Component Functions

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Why Does A Suction Pad Hold A Workpiece Tightly?


A suction pad does not attach itself to the surface of a workpiece. Instead, the ambient air pressure (atmospheric pressure) presses the suction pad against the workpiece as soon as the ambient pressure is greater than the pressure between the suction pad and the workpiece.

This pressure difference is achieved by connecting the suction pad to a vacuum generator, which evacuates the air from the space between the pad and the workpiece. If the suction pad is in contact with the surface of the workpiece, no air can enter it from the sides and a vacuum is generated. The holding force of the suction pads increases proportionally with the difference between the ambient pressure and the pressure inside the pad.

The holding force of a suction pad is calculated with the formula: F = P x A

F = Force [N]
P = Pressure [N/mm²]
A = Area [mm²]

How Does An Ejector Work?


On the basis of the number of nozzle pairs, a distinction is made between single-stage and multi-stage ejectors. They generate a vacuum on the basis of the so-called Venturi principle.

Compressed air enters the ejector through the inlet (A) and flows through the Venturi nozzle (B). This accelerates and compresses the air. After leaving the nozzle, the air expands again, creating a partial vacuum. Air enters the ejector through the vacuum connection (D) and is ejected, together with the compressed air, through the outlet and the silencer (C).


In addition to such single-stage ejectors, there are ejectors which have several Venturi nozzles arranged in series. Compressed air enters the ejector through the inlet (A) and flows through the several Venturi nozzle (B) arranged in series, generating a partial vacuum. Air enters the ejector through the vacuum connection (D).

The suction volumes of the individual nozzles are added together to form the total suction volume VD. The air drawn into the ejector is ejected, together with the compressed air, through the outlet and the silencer (C).

A multi-stage ejector (SEM) has a far higher suction capacity than a singe-stage ejector.

The Schmalz compact ejectors are also single-stage ejectors, but they also have two valves for direct control of the functions “grip” and “blow off”. In addition, these ejectors are also available with vacuum switches for system monitoring and regulation. The combination of the “grip” valve and a vacuum switch permits implementation of an automatic air-saving function which ensures that compressed-air is consumed only when the vacuum measured by the vacuum switch drops below a value defined by the customer.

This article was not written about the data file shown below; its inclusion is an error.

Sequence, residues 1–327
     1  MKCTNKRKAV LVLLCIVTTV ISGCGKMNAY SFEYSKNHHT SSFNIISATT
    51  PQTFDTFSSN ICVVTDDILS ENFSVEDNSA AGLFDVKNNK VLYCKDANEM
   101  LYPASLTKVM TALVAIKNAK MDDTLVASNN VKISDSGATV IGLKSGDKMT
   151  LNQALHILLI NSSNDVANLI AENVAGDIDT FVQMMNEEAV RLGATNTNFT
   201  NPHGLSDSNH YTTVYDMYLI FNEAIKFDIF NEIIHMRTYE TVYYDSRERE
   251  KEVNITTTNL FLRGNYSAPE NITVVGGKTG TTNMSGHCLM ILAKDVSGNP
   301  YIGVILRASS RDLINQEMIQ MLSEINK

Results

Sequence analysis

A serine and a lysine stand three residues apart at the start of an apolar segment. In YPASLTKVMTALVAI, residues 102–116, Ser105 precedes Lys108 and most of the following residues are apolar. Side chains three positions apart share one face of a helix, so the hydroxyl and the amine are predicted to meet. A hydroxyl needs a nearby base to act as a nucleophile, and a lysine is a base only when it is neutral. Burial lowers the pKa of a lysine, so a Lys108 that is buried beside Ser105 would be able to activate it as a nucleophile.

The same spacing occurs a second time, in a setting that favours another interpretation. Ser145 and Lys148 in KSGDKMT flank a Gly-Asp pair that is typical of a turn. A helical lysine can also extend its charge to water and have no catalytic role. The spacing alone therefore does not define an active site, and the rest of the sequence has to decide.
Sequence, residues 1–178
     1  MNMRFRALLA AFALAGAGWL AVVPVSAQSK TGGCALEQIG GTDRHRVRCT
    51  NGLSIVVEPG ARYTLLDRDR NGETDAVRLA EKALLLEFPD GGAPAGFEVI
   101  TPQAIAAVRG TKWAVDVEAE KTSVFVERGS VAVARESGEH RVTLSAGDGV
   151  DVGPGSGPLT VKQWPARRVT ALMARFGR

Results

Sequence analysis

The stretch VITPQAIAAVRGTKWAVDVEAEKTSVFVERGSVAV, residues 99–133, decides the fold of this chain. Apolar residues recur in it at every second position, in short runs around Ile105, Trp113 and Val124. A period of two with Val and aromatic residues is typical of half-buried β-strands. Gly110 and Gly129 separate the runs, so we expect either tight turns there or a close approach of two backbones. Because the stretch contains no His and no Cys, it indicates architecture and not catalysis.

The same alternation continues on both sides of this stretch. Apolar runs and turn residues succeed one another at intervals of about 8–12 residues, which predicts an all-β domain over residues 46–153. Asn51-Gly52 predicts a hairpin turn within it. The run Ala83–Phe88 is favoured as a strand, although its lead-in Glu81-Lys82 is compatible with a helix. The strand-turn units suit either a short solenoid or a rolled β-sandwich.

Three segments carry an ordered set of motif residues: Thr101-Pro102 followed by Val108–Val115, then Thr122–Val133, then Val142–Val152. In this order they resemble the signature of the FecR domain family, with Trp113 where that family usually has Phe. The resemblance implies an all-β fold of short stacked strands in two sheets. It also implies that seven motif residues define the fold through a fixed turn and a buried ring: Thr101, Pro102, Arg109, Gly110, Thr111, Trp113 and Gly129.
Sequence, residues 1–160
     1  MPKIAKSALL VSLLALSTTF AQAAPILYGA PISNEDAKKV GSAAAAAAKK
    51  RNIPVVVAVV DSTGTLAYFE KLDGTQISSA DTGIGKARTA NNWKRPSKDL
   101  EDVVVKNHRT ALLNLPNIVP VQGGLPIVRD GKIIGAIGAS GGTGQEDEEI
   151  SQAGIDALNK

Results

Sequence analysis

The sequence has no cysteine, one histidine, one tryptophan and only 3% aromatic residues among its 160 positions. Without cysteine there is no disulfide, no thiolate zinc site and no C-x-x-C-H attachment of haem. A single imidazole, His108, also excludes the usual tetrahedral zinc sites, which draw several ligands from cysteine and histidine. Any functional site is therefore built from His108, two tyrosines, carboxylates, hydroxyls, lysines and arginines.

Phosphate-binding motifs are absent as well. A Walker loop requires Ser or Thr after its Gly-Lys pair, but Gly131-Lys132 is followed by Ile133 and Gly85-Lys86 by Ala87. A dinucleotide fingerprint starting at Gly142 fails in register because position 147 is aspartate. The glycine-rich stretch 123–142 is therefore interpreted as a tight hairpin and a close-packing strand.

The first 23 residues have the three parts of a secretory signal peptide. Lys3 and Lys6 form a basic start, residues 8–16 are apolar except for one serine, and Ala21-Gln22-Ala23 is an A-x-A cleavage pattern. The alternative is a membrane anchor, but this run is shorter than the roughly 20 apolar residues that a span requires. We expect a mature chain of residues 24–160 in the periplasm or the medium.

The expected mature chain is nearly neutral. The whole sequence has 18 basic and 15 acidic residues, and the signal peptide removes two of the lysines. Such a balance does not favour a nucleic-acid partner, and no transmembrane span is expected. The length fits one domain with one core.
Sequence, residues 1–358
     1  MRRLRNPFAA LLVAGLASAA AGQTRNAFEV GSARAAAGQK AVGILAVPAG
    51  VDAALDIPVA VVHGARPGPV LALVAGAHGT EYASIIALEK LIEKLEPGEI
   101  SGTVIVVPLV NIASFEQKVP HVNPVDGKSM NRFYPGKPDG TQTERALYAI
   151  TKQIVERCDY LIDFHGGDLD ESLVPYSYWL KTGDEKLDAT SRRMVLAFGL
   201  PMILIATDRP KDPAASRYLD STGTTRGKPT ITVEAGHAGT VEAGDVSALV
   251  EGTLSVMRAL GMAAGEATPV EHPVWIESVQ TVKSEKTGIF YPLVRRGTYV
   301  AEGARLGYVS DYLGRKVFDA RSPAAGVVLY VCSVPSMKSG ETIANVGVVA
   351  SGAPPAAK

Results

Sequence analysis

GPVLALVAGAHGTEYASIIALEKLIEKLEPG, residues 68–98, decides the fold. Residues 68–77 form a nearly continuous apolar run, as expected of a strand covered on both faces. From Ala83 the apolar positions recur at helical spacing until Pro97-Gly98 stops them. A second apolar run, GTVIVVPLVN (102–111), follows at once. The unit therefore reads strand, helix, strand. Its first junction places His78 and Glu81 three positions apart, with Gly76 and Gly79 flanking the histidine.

The advantages of compact ejectors are their compact design, resulting in lower space requirements and a lower weight, combined with the many integrated functions.

How Does A Vacuum Pump Work?


This pump has an eccentrically mounted impeller with lamellas (A) which are pressed against the walls of the housing by centrifugal force and thus provide a seal. As the impeller rotates, the size of each chamber (B) varies. As the chamber becomes larger, the air in it expands and the pressure drops, resulting in a partial vacuum. The air is drawn in through the inlet (C), compressed, and ejected through the outlet (D).

Due to their high compression factor, pumps generate a very high vacuum and, according to the type, have a very high suction capacity.

How Does A Vacuum Blower Work?


The blades (A) of the impeller transport, accelerate and compress the air on the pulse principle, since they carry the air with them. This results in a partial vacuum on the inlet side (B). The compressed air is ejected through the outlet (C).

Due to their large air-channel volume and their specially shaped fan blades, blowers have a high suction capacity.

The suction capacity of all vacuum generators is specified in l/min or m³/h. These specifications are based on an ambient pressure of 1000 mbar and an ambient temperature of 20 °C.

How Does A Vacuum Switch Work?

Vacuum switches operate mechanically, pneumatically or electronically. In the mechanical and pneumatic versions, a diaphragm reacts to changes in the air pressure and actuates a mechanical switch or a valve. In the electronic version, the pressure is measured with the aid of a piezo-resistive sensor and an electrical, digital (on/off) output signal is generated. It is also possible to generate an electrical analogue signal which is proportional to the measured pressure.

Vacuum switches can be used to monitor and control processes. Most vacuum switches permit adjustment of the switching point, and some also permit adjustment of the hysteresis.

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